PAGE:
Starting up your Mac
You might see slight differences in startup screens or sequences mentioned in this article, depending on the model of your Mac, the version of OS X and firmware your Mac has, and which startup options you've selected. For example:
- The background at any stage of the startup process can be blue, black, or gray.
It can also be a desktop picture.
- The progress indicator can be a progress bar or a spinning indicator .
- If you start from Windows using Boot Camp, your Mac doesn't display an Apple logo or the other screens in this article.
When you first turn on your Mac, the screen is off (black) and you hear a startup chime. Your Mac initializes its BootROM and memory (RAM). It then performs a power-on self test (POST) and a BootROM test. If you hear additional beeps or chimes at this point, this indicates a possible hardware issue and startup halts. If you've added memory to your Mac, check to make sure it's installed properly.
After the power-on self test is complete, your Mac sends a video signal to your connected displays. The display screen might appear black or gray at this point in the startup sequence and the display's backlight should turn on. If you don't see an image appear on your screen after a few moments, try turning up your display's brightness. If you're using an external display, make sure it's connected properly and turned on.
If you've enabled full disk encryption using FileVault, you're prompted to enter your user account name and password to unlock your startup disk.
When you see the Apple logo appear, it means that the computer has found the startup file "boot.efi" on your startup disk. This tells your Mac where to locate the System folder on your startup disk.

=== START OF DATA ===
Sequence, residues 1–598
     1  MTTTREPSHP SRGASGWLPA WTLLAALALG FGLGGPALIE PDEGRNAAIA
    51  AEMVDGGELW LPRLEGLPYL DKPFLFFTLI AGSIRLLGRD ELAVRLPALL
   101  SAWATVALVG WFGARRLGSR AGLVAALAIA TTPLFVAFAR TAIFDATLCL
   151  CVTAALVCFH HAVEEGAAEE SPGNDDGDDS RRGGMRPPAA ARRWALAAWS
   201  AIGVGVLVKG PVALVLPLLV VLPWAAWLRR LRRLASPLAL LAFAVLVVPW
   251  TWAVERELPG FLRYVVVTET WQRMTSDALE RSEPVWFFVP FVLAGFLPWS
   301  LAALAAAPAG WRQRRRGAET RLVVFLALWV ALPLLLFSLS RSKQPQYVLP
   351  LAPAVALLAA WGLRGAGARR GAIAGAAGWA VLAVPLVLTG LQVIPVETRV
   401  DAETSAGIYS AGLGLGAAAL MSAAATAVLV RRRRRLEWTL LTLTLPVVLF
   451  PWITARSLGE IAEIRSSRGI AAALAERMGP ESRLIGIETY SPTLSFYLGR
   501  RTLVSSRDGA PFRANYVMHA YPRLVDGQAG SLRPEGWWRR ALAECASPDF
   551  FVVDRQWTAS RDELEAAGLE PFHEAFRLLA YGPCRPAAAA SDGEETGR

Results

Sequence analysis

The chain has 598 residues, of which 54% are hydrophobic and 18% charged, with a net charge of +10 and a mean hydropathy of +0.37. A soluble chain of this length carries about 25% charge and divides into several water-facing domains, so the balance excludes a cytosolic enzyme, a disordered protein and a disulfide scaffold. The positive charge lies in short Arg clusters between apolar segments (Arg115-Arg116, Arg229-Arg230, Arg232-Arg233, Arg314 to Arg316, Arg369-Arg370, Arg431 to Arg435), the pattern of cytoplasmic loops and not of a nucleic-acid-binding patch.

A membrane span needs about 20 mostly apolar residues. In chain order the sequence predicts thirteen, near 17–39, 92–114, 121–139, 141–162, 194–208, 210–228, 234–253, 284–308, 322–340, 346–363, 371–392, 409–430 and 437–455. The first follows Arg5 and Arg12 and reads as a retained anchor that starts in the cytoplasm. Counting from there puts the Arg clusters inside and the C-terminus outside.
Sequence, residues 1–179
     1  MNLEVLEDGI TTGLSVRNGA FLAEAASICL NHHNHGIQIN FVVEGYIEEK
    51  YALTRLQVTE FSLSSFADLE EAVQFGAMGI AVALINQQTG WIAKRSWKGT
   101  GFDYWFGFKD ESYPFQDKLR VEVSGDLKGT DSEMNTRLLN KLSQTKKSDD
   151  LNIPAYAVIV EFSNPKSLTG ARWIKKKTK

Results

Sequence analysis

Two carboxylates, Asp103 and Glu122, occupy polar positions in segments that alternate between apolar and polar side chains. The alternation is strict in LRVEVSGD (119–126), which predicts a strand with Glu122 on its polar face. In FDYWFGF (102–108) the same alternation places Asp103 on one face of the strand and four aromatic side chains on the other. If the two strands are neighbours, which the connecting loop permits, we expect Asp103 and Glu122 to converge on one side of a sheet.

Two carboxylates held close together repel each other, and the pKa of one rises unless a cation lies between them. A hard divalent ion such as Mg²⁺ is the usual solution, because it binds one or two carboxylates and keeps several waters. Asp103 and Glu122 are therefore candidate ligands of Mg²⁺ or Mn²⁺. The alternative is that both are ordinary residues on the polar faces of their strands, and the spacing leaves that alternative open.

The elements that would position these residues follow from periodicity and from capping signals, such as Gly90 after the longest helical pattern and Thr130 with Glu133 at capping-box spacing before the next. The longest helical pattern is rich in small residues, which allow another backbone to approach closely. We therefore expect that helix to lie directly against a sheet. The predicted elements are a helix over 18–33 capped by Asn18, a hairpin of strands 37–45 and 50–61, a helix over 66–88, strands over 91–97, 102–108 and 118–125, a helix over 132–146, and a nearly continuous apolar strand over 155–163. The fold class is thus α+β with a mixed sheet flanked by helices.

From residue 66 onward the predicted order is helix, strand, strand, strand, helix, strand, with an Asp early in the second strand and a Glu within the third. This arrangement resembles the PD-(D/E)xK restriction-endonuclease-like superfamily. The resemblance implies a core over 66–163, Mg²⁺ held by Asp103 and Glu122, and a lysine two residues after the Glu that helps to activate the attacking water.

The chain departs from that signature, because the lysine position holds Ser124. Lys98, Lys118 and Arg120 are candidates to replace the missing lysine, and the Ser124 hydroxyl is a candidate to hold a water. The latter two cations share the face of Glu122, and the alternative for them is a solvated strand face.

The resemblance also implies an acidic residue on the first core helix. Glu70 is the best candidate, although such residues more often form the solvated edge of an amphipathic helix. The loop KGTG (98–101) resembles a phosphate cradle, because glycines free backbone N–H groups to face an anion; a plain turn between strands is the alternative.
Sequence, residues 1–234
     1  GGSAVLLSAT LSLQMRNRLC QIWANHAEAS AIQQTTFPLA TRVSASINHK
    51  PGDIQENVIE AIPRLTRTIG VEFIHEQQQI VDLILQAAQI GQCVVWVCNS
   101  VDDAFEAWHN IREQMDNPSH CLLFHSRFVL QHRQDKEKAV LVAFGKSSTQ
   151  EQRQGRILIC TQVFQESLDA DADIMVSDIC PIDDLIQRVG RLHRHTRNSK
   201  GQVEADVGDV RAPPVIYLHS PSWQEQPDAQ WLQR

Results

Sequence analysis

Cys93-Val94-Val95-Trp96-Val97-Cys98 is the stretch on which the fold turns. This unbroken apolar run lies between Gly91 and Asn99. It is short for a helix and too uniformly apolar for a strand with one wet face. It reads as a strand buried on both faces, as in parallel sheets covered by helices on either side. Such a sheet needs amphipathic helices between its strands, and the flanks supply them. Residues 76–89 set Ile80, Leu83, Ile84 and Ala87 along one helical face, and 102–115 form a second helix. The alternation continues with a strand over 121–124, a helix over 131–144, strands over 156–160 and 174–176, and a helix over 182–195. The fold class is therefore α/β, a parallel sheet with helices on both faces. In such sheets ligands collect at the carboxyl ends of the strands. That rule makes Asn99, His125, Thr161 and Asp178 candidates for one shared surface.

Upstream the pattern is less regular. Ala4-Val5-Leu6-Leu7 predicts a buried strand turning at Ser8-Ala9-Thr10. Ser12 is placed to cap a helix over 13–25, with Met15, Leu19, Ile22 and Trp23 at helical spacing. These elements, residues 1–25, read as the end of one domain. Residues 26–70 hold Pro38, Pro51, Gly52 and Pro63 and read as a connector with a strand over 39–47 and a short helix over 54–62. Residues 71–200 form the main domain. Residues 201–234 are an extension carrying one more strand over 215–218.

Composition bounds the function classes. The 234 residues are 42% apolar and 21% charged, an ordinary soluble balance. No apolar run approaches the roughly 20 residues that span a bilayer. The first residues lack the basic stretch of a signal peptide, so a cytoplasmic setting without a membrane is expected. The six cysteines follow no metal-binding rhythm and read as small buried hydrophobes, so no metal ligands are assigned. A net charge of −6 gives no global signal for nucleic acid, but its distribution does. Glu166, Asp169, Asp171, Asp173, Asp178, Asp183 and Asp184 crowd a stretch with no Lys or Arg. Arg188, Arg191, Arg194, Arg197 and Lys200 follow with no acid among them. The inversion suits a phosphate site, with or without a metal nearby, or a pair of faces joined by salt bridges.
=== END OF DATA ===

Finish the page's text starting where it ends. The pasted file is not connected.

After your Mac locates the System Folder on your startup disk, a progress bar or spinning wheel appears on the screen. This lets you know that your Mac is reading files from the OS X System folder.
If your Mac doesn't have FileVault enabled, or you turned off automatic login in System Preferences, you see a screen showing the available user accounts on this Mac. Choose your user account name and enter your password to log in.
After your Mac is finished starting up and you're logged in, you see your desktop picture and the Dock.
Other screens you might see
You might see one of these screens appear during startup if you've changed your startup options, or there's an issue starting up your Mac.
Folder with a question mark
If you see a folder with a question mark appear instead of the Apple logo, it means your Mac couldn't find a local or network-based startup disk. This can happen if the disk selected in the Startup Disk pane of System Preferences isn't available. Wait a few seconds to see if your Mac is able to locate the startup disk you specified.
If a flashing question mark appears after you install a software update, re-select your startup disk using OS X Recovery.
When you see a circle with a slash symbol instead of the Apple logo, it means your Mac couldn't find a valid System Folder to start up from.
If you're using your Mac at a school or business, it might be trying to start from the wrong version of OS X. Contact your IT department for more help.
If this is your personal Mac, try reinstalling OS X by using OS X Recovery.
If you set a firmware password on your Mac, you might see a lock icon at startup if you try to start your Mac from another volume like an external drive or OS X Recovery. Enter your firmware password to continue starting up.
If you see a spinning globe instead of an Apple logo, it means your Mac is starting from a network-based startup disk like Netboot or Internet Recovery instead of a connected or built-in startup disk. If you didn't mean for your Mac to start this way, press and hold the power key to turn off your Mac. Then, press the power key again to start up normally.
If your Mac always starts to a spinning globe and you're at a school or business, check with your IT department for more information. There may be a server on your network that your Mac is trying to start from. If this is your personal Mac, try starting from OS X Recovery to check your startup disk and OS X.
If you see a battery icon appear on the screen instead of an Apple logo, it means the battery in your notebook Mac is too low to start up. Connect the power adapter to charge your Mac's battery, then try starting up again.
If you lock your Mac using Find My Mac, your screen shows a four or six digit lock screen at startup. Your Mac doesn't continue starting up until you enter the code that you set.